How to safely remove ash from your home and protect your pets
SEATTLE — Talk around the water cooler Wednesday morning likely wasn’t “Game of Thrones” or the Seahawks game.
If it was anything like the Q13 Newsroom, it was centered around one thing:
More specifically, how to get ash out of your home. And if the ash was harmful to pets.
Much like your car, you shouldn’t simply wipe the ash from all of your home’s surfaces. Wiping kicks fine particulates up into the air that can cause skin and eye irritation, says Larry Altose with the Department of Ecology.
It also can damage wood and some more expensive fabric, says Mike Hiatt, a general manager for D.A. Burns in Seattle.
“It can definitely scratch wood,” Hiatt said. “Upholstered furniture, too.”
Hiatt recommends cleaning wood with a wet cloth.
A vacuum with a hepa filter is best for most upholstery and carpet. Of course, a vacuum can kick up ash. It won’t have any long-term impact for healthy people, but is an irritant and can be dangerous for those with a lung disease or asthma, according to the Environmental Protection Agency.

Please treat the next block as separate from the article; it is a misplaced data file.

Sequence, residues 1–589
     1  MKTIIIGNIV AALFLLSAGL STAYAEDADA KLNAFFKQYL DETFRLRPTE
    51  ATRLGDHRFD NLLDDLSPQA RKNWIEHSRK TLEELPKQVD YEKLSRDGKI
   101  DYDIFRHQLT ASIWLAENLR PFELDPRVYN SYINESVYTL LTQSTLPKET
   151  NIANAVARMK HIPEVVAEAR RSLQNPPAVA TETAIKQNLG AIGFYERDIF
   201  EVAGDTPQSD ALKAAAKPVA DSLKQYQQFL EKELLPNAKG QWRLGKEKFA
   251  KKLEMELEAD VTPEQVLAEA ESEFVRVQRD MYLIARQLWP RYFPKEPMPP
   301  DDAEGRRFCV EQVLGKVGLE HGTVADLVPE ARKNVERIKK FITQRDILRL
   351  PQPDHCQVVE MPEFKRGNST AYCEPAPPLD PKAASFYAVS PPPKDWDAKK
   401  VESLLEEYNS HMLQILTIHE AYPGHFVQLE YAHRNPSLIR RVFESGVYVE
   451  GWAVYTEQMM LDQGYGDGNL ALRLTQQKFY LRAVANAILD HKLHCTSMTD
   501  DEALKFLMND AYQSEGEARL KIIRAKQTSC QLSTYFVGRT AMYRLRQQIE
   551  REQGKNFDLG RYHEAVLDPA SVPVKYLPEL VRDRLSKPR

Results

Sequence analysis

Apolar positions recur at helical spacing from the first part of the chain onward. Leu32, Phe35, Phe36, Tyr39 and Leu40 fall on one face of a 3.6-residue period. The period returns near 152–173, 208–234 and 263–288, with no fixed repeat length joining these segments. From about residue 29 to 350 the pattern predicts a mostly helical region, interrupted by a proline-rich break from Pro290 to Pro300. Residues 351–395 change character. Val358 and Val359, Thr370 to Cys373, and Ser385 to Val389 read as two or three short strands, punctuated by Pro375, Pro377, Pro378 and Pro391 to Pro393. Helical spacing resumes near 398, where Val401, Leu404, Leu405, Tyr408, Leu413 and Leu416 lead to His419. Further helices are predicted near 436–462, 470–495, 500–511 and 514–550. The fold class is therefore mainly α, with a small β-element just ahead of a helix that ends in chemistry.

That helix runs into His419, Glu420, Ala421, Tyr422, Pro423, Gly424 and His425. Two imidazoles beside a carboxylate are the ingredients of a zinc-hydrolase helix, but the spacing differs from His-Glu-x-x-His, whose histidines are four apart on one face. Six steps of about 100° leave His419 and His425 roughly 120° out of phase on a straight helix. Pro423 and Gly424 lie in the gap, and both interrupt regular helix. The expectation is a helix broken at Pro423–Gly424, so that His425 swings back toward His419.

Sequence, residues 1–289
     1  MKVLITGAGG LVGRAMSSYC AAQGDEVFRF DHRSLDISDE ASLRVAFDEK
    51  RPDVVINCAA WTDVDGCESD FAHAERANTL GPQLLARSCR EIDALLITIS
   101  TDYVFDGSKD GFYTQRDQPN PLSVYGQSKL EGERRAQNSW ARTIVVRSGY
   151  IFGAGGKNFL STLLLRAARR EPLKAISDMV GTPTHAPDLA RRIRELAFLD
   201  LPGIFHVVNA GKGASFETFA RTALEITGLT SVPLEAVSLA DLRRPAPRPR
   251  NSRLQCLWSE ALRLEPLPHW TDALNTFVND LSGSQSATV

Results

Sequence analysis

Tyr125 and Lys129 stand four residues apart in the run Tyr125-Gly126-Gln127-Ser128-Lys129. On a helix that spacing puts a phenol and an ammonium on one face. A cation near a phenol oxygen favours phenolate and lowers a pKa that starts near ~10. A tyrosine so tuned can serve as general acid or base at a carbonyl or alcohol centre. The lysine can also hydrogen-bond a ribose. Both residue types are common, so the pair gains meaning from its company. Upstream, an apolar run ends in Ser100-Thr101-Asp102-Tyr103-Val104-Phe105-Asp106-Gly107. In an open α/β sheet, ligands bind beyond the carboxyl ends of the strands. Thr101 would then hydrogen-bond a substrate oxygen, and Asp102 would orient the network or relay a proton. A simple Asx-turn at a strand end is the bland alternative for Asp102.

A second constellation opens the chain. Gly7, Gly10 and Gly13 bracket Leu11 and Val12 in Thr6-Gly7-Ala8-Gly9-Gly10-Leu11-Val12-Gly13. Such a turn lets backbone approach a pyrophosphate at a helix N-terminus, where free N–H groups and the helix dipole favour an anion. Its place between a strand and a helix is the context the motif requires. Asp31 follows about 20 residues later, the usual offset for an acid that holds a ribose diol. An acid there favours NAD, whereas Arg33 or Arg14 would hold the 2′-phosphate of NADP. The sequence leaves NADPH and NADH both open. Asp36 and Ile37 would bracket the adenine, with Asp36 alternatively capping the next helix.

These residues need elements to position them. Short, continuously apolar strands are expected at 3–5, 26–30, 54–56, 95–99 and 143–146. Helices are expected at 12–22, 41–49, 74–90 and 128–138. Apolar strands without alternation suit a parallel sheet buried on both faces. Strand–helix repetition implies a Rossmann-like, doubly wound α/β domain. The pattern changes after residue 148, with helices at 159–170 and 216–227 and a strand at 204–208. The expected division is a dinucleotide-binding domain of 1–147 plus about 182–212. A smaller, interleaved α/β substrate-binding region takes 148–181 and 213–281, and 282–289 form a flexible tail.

“Ash has not and will not accumulate in sufficient depths in our cities to put people at risk when cleaning it up,” Altose said.
Use a dusk mask while cleaning or vacuuming to cut down on irritation.
Hiatt says heavier dust can also damage outdoor furniture, and it should be hosed off.
The ash can irritate pets, too, says Veternarian Donna Windom of the North Seattle Vet Clinic.
Windom recommends leaving a window open, but having a fan facing out to push ash away. Wipe your windowsills down, especially if your cats have a tendency to sit and look longingly outside.
Ash can also trigger asthma in animals, Windom said. Be on the lookout for wheezing and sneezing in pets.
Pets also have a tendency to have eye irritation in heavy smoke. Though the smoke is dying down, watch for red eye and any sort of extra irritant in dogs and cats.
For more information on how to safely clean ash from your home, visit the Air Resources Board website.